Colorado River at a 'crossroads,' facing uncertain future
"We have additional water to develop" in the upper basin, he said. "Climate assumptions are the most signficant factor to our vulnerability in the upper basin."
In contrast, the lower basin states have already developed their full allotment of Colorado River water, Ostler said.
"They face imminent system shortage," he said.
Several people who testified stressed that water conservation — which the bureau estimates to could yield 1 million acre-feet — and reuse, which would deliver another 930,000 acre-feet, are key in shoring up the shortfalls, but they are not the panacea that will solve it all.
"It is very tempting to look at conservation and reuse as the sliver bullet for Colorado River imbalances, but Arizonans have also learned we have to augment our water supplies," said Kathleen Ferris, executive director of the Arizona Municipal Water Users Association.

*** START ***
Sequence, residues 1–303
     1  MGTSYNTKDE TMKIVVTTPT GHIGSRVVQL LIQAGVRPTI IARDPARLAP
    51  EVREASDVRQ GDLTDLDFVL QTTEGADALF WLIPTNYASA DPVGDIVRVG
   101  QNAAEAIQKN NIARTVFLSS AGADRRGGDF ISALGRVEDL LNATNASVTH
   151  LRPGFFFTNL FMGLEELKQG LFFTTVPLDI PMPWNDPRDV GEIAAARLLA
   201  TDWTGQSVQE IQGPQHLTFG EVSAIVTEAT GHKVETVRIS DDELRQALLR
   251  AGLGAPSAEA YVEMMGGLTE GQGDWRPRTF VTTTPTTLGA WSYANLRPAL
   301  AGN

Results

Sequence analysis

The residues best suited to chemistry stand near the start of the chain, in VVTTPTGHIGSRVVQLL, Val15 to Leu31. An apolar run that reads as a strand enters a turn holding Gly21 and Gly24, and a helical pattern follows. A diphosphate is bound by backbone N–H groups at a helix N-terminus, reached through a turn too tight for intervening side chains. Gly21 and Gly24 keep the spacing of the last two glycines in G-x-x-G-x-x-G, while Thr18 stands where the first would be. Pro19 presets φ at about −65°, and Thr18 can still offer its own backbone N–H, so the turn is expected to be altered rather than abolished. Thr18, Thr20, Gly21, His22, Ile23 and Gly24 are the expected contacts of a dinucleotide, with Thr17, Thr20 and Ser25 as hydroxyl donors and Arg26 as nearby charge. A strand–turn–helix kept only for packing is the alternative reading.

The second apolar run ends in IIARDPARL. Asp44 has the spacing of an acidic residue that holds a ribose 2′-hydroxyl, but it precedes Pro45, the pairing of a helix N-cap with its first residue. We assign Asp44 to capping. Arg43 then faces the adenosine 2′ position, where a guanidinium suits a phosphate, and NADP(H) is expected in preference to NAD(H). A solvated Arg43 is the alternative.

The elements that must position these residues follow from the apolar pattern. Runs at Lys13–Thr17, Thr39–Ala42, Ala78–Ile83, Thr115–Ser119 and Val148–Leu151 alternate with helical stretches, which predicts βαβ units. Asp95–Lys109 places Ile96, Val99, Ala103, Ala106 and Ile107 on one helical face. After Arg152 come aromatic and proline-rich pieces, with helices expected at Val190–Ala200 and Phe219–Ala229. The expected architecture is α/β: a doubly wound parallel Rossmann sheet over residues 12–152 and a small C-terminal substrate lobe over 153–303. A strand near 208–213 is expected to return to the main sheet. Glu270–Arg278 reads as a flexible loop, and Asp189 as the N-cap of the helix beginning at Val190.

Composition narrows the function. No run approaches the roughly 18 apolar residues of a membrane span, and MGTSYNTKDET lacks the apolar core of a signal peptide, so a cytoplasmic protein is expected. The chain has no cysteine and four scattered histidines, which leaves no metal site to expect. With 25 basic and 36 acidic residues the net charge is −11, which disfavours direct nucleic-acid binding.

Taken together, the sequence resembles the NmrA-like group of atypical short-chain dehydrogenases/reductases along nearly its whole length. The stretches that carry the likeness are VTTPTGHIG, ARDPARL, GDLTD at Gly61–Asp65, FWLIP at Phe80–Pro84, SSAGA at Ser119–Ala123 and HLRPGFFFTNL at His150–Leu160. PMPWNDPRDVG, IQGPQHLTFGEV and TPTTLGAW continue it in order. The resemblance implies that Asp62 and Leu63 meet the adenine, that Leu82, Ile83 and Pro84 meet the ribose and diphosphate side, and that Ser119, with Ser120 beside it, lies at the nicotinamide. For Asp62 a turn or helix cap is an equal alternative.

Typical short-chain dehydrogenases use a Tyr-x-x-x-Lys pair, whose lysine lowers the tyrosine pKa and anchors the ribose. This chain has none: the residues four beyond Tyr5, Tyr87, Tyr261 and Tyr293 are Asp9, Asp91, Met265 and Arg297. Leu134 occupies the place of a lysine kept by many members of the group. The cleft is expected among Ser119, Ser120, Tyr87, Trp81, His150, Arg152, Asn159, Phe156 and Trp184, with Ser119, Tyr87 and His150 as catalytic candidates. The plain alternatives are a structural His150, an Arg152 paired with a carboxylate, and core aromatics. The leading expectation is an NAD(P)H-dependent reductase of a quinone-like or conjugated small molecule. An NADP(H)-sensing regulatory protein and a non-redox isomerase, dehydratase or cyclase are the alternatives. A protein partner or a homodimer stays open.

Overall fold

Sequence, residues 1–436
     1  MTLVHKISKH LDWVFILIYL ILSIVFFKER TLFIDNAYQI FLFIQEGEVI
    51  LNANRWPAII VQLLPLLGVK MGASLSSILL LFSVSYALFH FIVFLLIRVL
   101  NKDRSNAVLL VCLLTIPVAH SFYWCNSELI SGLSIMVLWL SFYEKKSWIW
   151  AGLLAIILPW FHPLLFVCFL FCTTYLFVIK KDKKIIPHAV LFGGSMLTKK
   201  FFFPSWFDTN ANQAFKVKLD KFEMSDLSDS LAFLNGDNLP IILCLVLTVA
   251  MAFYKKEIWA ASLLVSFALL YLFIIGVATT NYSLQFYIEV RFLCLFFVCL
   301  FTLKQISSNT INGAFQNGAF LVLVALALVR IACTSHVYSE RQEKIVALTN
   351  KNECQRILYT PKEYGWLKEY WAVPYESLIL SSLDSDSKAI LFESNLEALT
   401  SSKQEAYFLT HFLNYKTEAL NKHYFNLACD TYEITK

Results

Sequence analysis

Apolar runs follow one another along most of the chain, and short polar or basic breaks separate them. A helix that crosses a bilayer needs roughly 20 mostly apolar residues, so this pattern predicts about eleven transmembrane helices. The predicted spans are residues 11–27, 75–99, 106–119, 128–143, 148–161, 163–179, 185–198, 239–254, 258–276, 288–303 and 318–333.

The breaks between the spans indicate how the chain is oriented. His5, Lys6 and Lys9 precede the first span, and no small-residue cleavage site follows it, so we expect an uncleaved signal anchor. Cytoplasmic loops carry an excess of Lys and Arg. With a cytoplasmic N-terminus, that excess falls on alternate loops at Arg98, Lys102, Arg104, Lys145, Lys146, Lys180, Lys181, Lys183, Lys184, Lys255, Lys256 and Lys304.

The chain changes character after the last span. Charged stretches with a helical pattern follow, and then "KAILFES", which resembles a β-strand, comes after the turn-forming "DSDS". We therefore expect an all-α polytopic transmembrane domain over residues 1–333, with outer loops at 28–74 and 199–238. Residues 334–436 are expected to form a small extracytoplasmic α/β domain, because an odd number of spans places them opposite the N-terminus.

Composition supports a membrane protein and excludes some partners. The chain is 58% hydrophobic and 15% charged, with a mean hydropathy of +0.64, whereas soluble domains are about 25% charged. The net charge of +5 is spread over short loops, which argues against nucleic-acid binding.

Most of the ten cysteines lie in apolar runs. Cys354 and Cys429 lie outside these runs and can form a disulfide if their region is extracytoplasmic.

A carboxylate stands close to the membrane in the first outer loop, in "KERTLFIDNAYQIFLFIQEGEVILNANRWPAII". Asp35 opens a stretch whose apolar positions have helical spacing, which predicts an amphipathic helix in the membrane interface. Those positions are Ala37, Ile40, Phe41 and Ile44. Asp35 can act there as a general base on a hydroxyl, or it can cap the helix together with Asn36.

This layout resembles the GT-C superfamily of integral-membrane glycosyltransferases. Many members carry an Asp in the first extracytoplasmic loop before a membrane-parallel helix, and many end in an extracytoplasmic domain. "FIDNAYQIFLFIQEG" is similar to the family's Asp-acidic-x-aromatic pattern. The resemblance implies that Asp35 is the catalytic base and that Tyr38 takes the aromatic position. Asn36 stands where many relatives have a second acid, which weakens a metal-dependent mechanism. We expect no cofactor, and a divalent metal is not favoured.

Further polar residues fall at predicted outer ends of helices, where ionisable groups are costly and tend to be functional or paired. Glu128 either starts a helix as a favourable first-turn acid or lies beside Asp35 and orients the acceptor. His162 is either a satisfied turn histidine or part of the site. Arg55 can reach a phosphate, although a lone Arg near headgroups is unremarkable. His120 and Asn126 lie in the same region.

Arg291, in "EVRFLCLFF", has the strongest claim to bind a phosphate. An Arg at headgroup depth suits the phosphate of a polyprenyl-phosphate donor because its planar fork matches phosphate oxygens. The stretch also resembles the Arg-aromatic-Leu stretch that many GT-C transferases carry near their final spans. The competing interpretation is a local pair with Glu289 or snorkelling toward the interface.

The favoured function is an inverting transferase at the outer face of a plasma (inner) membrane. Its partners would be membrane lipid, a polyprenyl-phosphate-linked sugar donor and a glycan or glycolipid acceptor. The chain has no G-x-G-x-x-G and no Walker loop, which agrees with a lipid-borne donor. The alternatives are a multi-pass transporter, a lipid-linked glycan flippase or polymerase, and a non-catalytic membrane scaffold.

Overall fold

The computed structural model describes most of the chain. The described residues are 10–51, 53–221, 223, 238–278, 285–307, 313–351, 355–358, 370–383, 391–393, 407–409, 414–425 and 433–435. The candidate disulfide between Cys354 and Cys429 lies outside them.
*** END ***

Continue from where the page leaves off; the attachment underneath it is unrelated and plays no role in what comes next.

"I think we have to be unafraid to seek the truth about what will and will not work so the solutions we forge will have real and lasting results," she said.
Conservation and advocacy groups praised the hearing as one more step along the path to help improve the future of the Colorado River.
"We were happy to see the Colorado River's ecological health get a voice in the hearing before Congress," said Gary Wockner of the Save The Colorado River Campaign. "As the most endangered river in America and a huge environmental and recreational resource, the Colorado River deserves protection and restoration"
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